One week after rabies warning, fox attacks person in Arctic Canada

A fox attacked someone in Igloolik Monday, one week after Nunavut health officials warned that a fox in the community had tested positive for rabies. (iStock)

Nunavut’s health department is again warning people in Igloolik to be on the lookout for foxes, this time after someone in the community was attacked by a fox Monday.

It happened one week after Nunavut health officials warned that a fox in the community had tested positive for rabies.

No information was immediately available on the person’s condition.

Anyone who’s been bitten or scratched by a fox or a dog should go to the health centre immediately as “treatment must be started quickly,” a news release reads.

The same release warns people that sick foxes may appear friendly, and should not be approached.

And it asks people to keep an eye out on dogs who show changes in behaviour or signs of rabies, which include behaving strangely, staggering, frothing at the mouth, choking or making strange noises.

If you do see an animal in that state, or your dog has had contact with a fox or wolf, call the Wildlife Guardian in Igloolik at 867-934-8999 or the regional environmental health officer at 867-645-6660.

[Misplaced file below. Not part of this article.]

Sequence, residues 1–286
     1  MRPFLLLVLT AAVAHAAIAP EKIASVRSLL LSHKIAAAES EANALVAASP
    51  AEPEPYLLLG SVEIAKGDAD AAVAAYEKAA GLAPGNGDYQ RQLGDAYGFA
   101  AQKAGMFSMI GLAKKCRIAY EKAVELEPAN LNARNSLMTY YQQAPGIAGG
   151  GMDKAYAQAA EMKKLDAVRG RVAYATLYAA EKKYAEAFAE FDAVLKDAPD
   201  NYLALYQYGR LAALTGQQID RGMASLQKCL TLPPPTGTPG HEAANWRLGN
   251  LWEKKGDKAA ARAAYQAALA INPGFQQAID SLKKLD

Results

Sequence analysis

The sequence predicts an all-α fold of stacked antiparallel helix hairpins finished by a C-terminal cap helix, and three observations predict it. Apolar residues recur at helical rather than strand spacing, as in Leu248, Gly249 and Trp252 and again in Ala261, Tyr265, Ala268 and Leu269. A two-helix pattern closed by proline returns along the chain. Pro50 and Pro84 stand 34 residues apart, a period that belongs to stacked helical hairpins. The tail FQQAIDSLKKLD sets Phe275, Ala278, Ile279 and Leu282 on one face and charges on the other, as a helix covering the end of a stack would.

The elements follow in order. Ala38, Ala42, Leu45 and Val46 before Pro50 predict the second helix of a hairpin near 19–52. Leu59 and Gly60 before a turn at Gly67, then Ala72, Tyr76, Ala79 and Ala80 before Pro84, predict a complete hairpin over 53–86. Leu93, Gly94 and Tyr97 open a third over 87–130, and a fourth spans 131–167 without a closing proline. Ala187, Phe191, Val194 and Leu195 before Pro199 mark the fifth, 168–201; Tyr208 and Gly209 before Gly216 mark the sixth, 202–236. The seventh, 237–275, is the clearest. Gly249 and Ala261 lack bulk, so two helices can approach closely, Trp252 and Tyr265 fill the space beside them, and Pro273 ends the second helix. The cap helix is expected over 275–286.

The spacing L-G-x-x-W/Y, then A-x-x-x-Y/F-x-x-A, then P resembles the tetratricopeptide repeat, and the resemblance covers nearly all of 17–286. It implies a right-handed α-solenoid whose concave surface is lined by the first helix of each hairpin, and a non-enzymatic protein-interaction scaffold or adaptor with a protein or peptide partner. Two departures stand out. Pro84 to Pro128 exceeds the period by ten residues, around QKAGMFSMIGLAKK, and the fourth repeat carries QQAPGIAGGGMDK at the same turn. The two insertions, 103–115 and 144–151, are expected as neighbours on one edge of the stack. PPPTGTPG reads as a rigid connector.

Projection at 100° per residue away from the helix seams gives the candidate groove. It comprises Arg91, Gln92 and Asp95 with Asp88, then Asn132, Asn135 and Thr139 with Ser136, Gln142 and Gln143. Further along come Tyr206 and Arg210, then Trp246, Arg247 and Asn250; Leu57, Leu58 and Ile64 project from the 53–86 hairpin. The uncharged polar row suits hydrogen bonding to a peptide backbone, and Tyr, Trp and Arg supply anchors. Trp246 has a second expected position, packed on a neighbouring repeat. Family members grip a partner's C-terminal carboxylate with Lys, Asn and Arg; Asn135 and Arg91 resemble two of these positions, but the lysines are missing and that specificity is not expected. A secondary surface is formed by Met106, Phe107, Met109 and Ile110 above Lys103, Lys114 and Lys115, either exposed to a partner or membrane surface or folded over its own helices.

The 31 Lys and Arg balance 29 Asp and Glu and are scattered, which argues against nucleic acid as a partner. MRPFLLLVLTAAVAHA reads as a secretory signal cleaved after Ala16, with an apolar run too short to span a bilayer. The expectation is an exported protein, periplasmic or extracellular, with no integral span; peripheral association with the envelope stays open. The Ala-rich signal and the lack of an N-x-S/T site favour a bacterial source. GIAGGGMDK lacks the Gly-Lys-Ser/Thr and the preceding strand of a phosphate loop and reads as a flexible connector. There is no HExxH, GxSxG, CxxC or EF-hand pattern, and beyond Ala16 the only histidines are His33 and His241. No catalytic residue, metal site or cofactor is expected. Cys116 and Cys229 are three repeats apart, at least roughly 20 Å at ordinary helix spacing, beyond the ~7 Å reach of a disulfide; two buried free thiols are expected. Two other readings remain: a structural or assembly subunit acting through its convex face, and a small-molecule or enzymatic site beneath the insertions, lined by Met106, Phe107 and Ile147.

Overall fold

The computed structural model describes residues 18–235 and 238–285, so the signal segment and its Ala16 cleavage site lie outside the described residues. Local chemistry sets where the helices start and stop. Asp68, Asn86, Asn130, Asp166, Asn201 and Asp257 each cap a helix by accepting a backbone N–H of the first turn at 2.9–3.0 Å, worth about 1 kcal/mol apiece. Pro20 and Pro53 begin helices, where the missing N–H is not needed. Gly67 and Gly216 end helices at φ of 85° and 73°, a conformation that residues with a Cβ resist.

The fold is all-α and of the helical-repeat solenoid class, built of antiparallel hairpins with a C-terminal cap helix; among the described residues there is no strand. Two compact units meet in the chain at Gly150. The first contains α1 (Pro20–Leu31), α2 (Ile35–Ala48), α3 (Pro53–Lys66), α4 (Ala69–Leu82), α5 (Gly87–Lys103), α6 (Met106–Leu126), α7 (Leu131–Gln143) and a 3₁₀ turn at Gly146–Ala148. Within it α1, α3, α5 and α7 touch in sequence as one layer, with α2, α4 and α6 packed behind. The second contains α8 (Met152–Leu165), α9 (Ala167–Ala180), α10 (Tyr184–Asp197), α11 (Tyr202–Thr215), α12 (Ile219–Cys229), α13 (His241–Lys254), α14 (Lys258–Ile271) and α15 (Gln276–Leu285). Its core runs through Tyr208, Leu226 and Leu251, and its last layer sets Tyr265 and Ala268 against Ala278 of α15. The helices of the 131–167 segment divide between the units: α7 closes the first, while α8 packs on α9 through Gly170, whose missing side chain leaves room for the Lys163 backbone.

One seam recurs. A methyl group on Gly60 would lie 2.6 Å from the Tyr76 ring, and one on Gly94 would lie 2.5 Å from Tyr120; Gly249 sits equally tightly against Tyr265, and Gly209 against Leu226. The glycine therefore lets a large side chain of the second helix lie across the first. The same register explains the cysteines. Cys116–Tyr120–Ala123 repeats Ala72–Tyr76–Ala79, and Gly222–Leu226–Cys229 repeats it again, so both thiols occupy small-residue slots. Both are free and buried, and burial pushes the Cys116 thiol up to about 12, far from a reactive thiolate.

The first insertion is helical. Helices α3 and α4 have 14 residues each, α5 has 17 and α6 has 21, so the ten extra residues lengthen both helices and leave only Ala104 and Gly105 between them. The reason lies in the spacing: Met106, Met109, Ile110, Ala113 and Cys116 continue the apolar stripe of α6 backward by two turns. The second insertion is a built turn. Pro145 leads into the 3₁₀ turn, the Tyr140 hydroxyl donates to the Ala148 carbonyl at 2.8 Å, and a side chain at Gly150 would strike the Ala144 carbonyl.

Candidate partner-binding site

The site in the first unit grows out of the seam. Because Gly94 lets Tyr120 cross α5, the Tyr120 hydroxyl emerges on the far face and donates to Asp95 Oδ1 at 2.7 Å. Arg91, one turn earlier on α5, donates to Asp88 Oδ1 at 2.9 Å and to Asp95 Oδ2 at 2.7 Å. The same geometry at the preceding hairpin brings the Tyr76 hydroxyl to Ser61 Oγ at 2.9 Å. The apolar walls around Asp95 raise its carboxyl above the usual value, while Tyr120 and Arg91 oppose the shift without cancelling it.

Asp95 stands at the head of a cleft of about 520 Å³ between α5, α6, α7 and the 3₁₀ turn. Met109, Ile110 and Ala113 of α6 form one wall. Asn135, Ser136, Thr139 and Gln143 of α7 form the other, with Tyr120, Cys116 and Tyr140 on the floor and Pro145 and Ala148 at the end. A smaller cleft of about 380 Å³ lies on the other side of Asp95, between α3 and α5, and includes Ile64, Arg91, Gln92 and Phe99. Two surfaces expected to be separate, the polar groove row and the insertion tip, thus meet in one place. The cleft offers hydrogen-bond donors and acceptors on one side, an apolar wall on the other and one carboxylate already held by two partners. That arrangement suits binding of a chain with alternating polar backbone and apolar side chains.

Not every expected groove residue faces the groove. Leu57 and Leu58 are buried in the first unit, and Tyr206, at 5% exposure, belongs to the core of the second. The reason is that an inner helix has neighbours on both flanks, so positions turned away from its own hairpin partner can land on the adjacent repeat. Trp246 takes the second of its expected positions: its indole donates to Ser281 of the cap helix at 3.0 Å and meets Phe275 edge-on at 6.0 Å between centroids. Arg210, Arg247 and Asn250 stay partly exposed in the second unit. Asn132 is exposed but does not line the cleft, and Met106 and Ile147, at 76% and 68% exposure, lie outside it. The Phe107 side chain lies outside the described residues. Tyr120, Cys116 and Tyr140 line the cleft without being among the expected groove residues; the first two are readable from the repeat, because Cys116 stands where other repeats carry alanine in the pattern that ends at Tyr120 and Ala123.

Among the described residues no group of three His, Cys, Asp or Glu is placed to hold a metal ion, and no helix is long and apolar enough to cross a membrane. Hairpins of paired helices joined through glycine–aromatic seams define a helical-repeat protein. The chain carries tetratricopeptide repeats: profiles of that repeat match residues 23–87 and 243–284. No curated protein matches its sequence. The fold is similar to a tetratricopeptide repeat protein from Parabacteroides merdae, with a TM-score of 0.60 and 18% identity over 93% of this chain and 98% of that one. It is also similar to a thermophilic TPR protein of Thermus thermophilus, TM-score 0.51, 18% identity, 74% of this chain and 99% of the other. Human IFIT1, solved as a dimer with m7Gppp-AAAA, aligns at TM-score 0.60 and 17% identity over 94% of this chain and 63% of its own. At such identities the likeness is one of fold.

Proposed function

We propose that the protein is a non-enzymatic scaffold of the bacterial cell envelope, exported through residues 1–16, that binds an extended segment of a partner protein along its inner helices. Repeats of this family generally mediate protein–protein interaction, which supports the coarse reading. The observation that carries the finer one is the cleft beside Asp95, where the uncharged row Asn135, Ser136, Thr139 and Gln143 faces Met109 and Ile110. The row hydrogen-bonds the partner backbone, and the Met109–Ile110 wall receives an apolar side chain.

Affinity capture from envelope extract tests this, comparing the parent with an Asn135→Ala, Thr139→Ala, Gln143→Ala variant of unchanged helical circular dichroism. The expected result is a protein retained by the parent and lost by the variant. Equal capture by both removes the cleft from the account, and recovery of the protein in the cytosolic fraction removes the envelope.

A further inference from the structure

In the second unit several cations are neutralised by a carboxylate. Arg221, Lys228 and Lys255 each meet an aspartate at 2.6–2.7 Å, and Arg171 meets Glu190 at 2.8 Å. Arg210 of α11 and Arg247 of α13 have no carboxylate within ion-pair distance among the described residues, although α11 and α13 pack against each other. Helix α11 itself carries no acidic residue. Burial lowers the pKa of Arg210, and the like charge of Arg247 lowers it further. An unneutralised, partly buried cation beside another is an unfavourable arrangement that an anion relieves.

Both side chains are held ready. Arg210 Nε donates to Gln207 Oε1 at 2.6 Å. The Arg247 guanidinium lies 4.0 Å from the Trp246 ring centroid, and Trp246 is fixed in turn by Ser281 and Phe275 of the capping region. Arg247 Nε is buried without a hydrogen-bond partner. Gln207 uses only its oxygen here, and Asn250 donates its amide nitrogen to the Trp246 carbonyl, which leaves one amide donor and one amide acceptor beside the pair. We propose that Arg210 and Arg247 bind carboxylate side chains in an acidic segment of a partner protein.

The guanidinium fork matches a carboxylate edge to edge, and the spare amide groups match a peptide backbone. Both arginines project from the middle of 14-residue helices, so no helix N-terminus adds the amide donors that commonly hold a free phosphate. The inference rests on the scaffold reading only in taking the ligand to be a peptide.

Rabies in the Eastern Arctic

Earlier this month, health officials issued a similar warning about rabies in Iqaluit, after a second fox there tested positive for rabies, following an earlier positive test in November.

That warning advised Iqalummiut to keep an eye out for foxes, and to be careful around unfamiliar dogs, who may have been infected. A notice about an increase in fox sightings was also issued for residents of Pangnirtung on Nov. 1.

Another fox was suspected of being infected with rabies near the Meliadine Gold Mine in late September, prompting a warning to mine workers and residents of Rankin Inlet.

Related stories from around the North:

Canada: Climate change could mean more wildlife disease in the Arctic, researchers say, CBC News

Greenland: In the Arctic, ‘everything is changing,’ massive animal tracking study finds, CBC News

Norway: Arctic fox’s rapid journey from Svalbard to Northern Canada stuns researchers, The Independent Barents Observer

Sweden: Swedish scientists ‘cautiously optimistic’ about Arctic fox population, Radio Sweden

CBC News

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